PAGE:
By Brian Westbye
It is the Summer of 2000 and I’m living in Medford, MA, not far from the Tufts campus, working for a non-profit at the corner of Boylston and Arlington and playing in a band.
I pick up the 96 bus at the corner of Walnut and Summer St., and the bus takes College Ave to Harvard Square, where I catch the Red Line into Boston. The morning driver is often rather dour, and the bus is filled with people heading into offices and labor—thus the commute always has the feel of a death march.
Most mornings I end up sitting across from the same family. The mom is a natural beauty: chestnut hair, high cheekbones, glowing skin and personality. She always reads to her daughter, who is about six and having the time of her life, letting her natural exuberance and curiosity about the world guide her. The father is always set apart, reading the Wall Street Journal or crunching numbers in his portfolio. He looks like a heavier Kotter with a full beard, and he always wears a Rolex, a floppy fishing hat and Joey Ramone glasses.
They’re a striking couple: striking in their differences. Not just in their physical differences, but also in their demeanor. Sometimes the father plays with the daughter, but mostly it’s the mother.
Occasionally they banter softly a bit, but it’s always strained and under their breath. The father will whisper and grunt; never looking up from his paper or work, and the mom will look frustrated, and then pull it back before returning to story time. The daughter is oblivious to it all, fortunately, but I can almost physically see the distance between them.
If the morning commute is a pall on the day, the evening commute is an entirely different world. The bus driver on the afternoon shift is older, and obviously loves his work and his friends. Every stop he adds “good old” to the street: “good old Royall Street!” “good old Florence Street!”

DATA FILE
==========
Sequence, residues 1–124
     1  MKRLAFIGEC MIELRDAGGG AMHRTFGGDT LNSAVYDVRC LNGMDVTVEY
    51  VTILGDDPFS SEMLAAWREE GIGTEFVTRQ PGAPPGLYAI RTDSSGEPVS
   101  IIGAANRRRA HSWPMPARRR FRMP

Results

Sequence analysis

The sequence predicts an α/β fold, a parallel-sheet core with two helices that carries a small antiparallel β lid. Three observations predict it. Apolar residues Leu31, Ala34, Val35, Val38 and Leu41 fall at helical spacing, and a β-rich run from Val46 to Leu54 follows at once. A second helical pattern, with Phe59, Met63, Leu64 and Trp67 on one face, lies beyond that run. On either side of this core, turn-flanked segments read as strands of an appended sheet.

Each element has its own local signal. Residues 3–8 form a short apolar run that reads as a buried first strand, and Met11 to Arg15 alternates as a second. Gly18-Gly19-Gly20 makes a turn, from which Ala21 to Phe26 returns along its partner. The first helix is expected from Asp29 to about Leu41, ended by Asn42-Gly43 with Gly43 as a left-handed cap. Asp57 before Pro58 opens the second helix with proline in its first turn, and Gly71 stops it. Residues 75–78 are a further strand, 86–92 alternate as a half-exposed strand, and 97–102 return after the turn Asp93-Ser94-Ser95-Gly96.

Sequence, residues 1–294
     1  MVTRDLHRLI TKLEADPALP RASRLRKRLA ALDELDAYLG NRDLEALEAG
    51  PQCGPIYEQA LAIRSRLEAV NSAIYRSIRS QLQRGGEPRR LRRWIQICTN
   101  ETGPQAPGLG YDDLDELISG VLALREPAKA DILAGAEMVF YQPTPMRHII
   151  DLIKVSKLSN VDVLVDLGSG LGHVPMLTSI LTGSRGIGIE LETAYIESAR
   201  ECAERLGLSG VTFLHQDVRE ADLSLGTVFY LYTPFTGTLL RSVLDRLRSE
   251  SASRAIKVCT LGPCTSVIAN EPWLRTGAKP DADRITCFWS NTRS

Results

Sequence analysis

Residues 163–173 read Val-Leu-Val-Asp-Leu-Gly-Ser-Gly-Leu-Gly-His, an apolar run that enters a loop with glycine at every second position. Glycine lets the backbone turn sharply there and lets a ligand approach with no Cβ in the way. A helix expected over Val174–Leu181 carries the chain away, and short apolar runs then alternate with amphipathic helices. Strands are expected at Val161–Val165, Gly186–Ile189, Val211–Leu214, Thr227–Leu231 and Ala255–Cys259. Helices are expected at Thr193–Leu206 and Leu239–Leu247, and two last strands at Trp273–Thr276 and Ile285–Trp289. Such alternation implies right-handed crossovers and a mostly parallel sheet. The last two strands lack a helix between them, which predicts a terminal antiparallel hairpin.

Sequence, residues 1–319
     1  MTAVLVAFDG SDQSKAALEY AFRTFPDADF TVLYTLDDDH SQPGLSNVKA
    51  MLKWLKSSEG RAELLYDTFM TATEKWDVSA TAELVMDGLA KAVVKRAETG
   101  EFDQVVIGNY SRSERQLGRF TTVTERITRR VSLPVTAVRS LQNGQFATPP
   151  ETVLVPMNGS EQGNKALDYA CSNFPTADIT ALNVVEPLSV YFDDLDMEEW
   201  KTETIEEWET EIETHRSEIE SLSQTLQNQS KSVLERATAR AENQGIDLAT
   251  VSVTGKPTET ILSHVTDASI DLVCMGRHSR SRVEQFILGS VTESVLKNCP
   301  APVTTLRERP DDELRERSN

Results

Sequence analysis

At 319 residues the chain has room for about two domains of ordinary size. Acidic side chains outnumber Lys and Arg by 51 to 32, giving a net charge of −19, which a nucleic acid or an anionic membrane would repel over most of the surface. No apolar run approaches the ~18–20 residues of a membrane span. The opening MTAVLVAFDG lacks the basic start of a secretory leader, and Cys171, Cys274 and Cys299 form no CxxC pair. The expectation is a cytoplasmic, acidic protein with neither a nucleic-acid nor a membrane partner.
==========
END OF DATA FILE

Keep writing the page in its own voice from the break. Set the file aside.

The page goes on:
It’s a touch of Mayberry in suburban Boston; a lovely break in the monotony of commute/work/commute/repeat.
Most evenings I end up sitting across from the mom and daughter, and most evenings the father is absent; staying late at the office, no doubt. On these commutes, the mom seems freer, more of herself, as she reads to her daughter and points out landmarks along the way.
As the summer goes on, more and more, the father is also absent in the morning. By Labor Day, he’s gone, as is her ring.
I have a front-row seat to a slow disintegration.
Fifteen years. A lifetime ago. I think of them sometimes. The daughter would be in college now. What school is she attending? What is her major? How did the divorce effect her? How did the mother make out? Was there one cause for the split, or many over time? Who pulled the trigger?
Spiritual connections are born, and spiritual connections die.
They were a family, and then they weren’t. I never learned their names, never spoke a word to them, knew nothing of them and still don’t. They had no idea of my existence, and still don’t. Parallel lives, never to intersect.
But they remain with me; a vision of heartbreak during a high summer of golden twilights, “good old College Ave” and an unbroken horizon.
Photo: Charis Tsevis/Flickr
Editor: Dana Gornall